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Wendy Rose: Musical duo Luke and John make new home in St. John's

Luke and John on stage with the High and Lonesome Ramblers, Feb. 2, 2018 at The Ship Pub in St. John’s. — Christopher Deacon photo
Luke and John on stage with the High and Lonesome Ramblers, Feb. 2, 2018 at The Ship Pub in St. John’s. — Christopher Deacon photo - Submitted

Hamilton musicians inspired by new home in N.L.

Luke and John began their month-long Monday-night run at The Black Sheep this past Monday.

Not to be confused with Christ followers of the same name, these two musicians are on a pilgrimage of sorts, with St. John’s being the holy land.

Lucas Rose and John Moran relocated to the capital city from Hamilton, Ont., attracted by the local music scene. Moran had been to the province once before, in 2013, meeting a selection of musicians during his summer here. Rose, charmed by Moran’s stories, decided to take the plunge and move east with his longtime pal and musical collaborator.

Related story:

Wendy Rose: High & Lonesome — my best-kept secret

Since their arrival in November, the pair have made a splash in the local folk music scene, becoming fast friends with the High and Lonesome Ramblers, a six-piece bluegrass act.

“We didn’t come here for any other reason than the music,” Moran said, when met with my skepticism regarding the backstory regarding their 3,000+ kilometre move.

“I was really struck by how everyone valued music, it seemed to be a little more important here, or the musicians seemed to be a little more respected here,” Moran continued, quickly noting that this statement was not meant to put down other music scenes in Ontario, or across the country.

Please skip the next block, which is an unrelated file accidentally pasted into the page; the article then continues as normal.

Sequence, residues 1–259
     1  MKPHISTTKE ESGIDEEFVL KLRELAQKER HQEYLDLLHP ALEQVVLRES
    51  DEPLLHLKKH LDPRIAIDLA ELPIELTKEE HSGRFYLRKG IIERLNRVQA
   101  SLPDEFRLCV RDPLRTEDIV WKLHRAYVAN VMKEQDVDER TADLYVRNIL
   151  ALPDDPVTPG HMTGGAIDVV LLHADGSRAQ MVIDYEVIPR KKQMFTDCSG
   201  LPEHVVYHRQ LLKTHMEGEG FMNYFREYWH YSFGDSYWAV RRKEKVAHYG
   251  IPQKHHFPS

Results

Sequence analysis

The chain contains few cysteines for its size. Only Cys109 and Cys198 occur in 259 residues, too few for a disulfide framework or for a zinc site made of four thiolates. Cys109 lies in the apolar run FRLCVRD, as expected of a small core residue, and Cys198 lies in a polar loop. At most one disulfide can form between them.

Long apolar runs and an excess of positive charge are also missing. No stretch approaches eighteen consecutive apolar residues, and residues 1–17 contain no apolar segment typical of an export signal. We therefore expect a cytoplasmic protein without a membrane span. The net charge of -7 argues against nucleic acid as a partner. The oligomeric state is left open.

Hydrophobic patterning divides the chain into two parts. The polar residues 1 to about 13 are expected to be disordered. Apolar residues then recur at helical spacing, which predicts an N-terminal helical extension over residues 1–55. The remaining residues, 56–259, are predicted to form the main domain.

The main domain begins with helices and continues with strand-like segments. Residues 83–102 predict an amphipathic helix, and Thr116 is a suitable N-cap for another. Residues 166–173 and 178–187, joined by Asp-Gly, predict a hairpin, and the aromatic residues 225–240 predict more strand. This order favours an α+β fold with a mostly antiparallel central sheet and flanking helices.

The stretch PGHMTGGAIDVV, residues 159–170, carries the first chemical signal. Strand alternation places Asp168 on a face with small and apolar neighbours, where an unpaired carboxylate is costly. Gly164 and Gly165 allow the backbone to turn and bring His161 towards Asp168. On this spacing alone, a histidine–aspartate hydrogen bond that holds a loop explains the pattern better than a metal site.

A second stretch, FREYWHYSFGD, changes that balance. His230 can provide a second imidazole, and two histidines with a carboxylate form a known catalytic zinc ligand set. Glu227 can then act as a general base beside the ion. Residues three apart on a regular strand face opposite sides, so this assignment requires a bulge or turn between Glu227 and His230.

“A few years ago, Luke and I had planned on starting a band together. We ended up parting ways … and at the time, we hadn’t played a lot of music together, period. We had jammed together a couple times, but we both knew that we liked each other’s playing and that we fit well together.”

Though they complement each other well, the Hamilton music scene wasn’t a great fit for the duo, Lucas explained.

Their material, which ranges from old timey bluegrass to modern folk — with choice cuts from various genres of country and traditional folk tunes spliced in between — makes a great fit in the downtown music scene, which has had strong traditional and folk influences for decades longer than the young musicians have been playing tunes.

Though miserable weather accompanied their Black Sheep debut, the pair’s proficient pickin’ at other shows inspired locals to brave the blowing rain to check out the pair unaccompanied.

Switching between guitars and mandolin, the duo bounced around a vast setlist, covering classic country and folk singers, like Doc Watson, Ricky Skaggs, Gordon Lightfoot, Alison Krauss and Union Station, John Prine, Stanley Brothers, Mississippi John Hurt, and more.
Instrumental tracks provided opportunity to showcase their skillful picking, with a couple a cappella performances demonstrating their vocal capabilities.

With a three-page long list of tunes to choose from, Luke and John played a mix of tender tunes, murder ballads, and up-tempo songs, catering to the vibe of the bar, as the Black Sheep audience grew.

Moran played a banjo tune at my request, later hauling out a concertina from a book bag, in a highly impressive and totally unanticipated move. This marks my first time seeing a concertina in a St. John’s bar, and hopefully, it will not be the last. (Though maybe this just means I don’t spend enough time at Irish bars, though accordions are still far more prevalent than concertinas.)

Either way, here’s to many more nights of Luke and John — If a dark bar is the pulpit, I’m happy to be a disciple.

Welcome home, boys.

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